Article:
They do not have specific customers or a market, but sell to whoever is interested along the road. Timber is sold for between N$60 and N$250 a pole.
When approached for comment, Ohangwena forestry chief Moses Moses said his office is not aware of the harvesting and timber sales.
He also said his office has not issued any timber-harvesting permits in the region, despite the harvesters telling Namibian Sun they have been operating since last year.
“Unless they just started, we are not aware of such people. I don't think they have been doing that for a long period,” Moses said.
One of the harvesters, who refused to give his name, said his business is doing well and he is making money. He said he has been doing business since the middle of last year.
He said people travelling on the road stop to enquire about the wood.
“This is our only marketplace, but we are attracting many customers. We start cutting trees early in the morning and we spend the rest of the day selling. Many people are interested, especially those bringing their livestock into the area or those who just bought mahangu fields; they only complain about the transport because we are very far,” said the harvester.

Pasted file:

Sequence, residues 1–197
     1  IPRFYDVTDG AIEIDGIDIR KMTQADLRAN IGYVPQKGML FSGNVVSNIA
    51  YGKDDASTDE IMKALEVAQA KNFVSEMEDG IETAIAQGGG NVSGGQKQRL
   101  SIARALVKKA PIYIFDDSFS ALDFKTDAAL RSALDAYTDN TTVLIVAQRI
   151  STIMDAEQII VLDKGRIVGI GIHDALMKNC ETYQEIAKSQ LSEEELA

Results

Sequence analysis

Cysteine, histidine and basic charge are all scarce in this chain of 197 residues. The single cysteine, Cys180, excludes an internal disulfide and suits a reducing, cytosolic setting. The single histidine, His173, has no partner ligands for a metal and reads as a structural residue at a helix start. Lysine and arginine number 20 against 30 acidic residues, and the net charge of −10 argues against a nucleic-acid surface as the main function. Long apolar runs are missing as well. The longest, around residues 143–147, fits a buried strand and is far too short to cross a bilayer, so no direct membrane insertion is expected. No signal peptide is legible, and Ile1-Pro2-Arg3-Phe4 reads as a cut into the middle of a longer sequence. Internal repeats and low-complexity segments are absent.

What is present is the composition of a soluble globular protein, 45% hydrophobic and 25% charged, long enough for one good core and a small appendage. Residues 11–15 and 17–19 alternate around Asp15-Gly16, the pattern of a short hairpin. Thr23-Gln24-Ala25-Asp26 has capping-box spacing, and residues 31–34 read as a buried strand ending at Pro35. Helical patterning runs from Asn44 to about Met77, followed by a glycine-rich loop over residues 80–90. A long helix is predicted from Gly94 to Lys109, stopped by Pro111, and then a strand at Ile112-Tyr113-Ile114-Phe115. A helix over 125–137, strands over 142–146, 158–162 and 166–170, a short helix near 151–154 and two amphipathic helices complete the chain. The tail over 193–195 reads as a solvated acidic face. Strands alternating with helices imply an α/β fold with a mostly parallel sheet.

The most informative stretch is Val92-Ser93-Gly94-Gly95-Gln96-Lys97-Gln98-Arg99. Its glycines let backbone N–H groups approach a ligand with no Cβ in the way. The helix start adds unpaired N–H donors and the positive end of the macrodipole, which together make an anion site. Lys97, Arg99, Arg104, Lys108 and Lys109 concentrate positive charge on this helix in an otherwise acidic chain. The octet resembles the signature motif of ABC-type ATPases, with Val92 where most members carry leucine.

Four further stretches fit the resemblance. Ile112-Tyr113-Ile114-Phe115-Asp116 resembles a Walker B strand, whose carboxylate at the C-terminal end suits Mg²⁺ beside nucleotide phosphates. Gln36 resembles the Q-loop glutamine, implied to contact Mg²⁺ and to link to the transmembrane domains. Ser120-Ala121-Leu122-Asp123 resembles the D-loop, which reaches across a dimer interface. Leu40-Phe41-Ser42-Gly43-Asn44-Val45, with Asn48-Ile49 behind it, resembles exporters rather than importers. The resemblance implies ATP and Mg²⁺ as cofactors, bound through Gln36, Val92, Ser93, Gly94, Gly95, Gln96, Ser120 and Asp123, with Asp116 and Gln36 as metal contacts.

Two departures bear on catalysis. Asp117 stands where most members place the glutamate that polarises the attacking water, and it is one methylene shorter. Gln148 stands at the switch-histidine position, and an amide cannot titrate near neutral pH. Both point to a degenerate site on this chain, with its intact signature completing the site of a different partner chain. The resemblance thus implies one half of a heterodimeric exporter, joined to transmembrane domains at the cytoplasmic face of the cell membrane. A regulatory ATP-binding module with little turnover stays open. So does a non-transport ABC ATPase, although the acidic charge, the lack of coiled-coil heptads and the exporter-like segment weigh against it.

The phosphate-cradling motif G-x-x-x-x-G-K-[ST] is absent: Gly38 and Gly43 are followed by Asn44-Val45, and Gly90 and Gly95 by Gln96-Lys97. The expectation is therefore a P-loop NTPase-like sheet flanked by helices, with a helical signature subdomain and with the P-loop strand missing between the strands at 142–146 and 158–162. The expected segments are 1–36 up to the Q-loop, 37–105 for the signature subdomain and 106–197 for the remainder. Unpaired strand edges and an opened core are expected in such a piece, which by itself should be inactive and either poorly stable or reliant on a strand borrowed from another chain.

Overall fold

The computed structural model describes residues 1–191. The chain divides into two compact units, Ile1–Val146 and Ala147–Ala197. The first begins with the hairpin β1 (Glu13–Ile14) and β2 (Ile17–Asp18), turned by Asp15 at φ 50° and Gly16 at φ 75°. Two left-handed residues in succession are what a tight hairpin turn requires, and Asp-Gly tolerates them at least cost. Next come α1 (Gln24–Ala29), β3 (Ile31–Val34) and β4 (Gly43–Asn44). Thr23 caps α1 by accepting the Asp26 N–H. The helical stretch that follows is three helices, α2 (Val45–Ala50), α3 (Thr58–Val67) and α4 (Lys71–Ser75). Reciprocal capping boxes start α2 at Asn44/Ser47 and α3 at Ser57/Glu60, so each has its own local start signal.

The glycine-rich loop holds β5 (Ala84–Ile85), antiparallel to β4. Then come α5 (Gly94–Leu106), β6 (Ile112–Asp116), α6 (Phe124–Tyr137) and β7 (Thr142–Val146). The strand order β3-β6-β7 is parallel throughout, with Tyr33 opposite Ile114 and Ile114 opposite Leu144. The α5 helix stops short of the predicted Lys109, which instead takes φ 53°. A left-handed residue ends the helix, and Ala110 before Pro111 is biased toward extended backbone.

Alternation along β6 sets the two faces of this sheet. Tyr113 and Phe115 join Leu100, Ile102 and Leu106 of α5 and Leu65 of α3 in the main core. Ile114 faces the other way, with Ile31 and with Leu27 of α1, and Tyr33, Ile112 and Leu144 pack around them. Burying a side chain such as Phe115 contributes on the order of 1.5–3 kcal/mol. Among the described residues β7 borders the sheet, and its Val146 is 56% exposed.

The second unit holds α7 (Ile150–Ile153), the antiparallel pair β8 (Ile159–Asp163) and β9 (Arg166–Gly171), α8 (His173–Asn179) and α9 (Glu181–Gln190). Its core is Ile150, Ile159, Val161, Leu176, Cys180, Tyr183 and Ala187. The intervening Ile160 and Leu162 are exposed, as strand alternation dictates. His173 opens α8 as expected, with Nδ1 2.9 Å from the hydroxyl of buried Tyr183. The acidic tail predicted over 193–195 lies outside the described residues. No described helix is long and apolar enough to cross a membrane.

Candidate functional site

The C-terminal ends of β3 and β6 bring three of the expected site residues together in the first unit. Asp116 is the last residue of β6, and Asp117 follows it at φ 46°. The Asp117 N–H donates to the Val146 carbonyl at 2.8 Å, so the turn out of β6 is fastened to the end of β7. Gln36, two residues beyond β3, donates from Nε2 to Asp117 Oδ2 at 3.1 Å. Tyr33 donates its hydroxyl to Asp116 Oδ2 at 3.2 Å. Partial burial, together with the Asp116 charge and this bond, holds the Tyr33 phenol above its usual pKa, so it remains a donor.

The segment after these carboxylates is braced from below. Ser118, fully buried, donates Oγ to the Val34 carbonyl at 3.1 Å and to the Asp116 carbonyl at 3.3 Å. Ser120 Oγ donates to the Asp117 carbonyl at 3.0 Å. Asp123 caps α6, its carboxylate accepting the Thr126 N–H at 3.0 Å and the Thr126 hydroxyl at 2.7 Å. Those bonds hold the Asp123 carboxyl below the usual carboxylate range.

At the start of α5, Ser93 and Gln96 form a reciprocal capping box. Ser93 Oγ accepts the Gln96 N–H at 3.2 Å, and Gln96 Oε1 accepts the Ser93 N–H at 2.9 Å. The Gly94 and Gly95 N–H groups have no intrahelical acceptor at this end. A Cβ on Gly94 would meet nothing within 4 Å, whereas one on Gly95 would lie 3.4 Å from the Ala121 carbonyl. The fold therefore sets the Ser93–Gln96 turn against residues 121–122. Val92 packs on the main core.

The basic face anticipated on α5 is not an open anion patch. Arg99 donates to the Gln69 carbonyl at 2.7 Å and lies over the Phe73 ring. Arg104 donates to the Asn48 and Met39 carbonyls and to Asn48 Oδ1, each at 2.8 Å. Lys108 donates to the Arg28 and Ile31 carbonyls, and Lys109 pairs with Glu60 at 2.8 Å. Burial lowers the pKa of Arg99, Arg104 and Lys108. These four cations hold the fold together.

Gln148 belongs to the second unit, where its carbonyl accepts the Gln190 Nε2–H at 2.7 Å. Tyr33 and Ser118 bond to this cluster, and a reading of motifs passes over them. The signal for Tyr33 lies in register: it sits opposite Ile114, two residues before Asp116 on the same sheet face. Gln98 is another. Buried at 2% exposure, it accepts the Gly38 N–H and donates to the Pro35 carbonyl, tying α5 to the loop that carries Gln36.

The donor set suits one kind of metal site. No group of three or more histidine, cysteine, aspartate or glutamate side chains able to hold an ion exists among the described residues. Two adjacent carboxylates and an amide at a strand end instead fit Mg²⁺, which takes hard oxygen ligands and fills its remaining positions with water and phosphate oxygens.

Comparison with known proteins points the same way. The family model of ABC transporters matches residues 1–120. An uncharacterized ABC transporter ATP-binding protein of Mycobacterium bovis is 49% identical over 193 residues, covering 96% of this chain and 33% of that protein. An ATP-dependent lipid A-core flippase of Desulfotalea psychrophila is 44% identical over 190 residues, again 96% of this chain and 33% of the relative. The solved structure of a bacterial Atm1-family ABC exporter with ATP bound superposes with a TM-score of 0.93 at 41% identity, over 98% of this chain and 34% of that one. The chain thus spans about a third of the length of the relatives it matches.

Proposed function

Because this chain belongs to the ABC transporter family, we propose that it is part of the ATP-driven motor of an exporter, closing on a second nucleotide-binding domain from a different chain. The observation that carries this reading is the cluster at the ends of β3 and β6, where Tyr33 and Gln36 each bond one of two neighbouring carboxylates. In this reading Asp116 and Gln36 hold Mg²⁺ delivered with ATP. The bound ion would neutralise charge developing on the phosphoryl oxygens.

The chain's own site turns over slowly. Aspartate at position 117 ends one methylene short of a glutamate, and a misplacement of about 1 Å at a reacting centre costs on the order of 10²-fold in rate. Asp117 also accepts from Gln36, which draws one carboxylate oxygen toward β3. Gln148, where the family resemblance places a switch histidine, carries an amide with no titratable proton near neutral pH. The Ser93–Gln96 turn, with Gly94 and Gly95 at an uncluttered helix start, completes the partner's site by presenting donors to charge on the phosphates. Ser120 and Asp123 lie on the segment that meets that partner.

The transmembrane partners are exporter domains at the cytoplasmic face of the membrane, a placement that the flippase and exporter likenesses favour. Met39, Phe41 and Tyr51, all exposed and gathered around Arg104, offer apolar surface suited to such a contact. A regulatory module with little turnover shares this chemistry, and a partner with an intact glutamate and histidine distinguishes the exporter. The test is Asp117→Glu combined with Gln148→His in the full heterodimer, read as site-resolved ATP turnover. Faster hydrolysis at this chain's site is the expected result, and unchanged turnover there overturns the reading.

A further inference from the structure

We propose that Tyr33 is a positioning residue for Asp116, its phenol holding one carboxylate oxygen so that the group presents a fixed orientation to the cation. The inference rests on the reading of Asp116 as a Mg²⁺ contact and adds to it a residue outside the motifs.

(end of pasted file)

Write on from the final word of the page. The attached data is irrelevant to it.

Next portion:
“In a day we cut down between five and 10 trees and we wake up around 00:300. We are just operating from the forest and we are not on anybody's land.”
Three years later the town scooped the coveted 2019 Namibia Town of the Year award at the just-ended Namibia Tourism Expo (NTE), organised by Namibia Media Holdings (NMH) and its sponsors.
According to Amwele this is a dream came true.
He said when he took over as mayor his dream was to make Ondangwa one of the cleanest towns in the country. Ondangwa was one of the four finalists chosen out of 21 towns that took up the challenge to compete in this year's Town of the Year competition, which took place under the theme 'A cleaner town, a cleaner Namibia'.
Amwele thanked the council employees for committing themselves toward cleaning Ondangwa.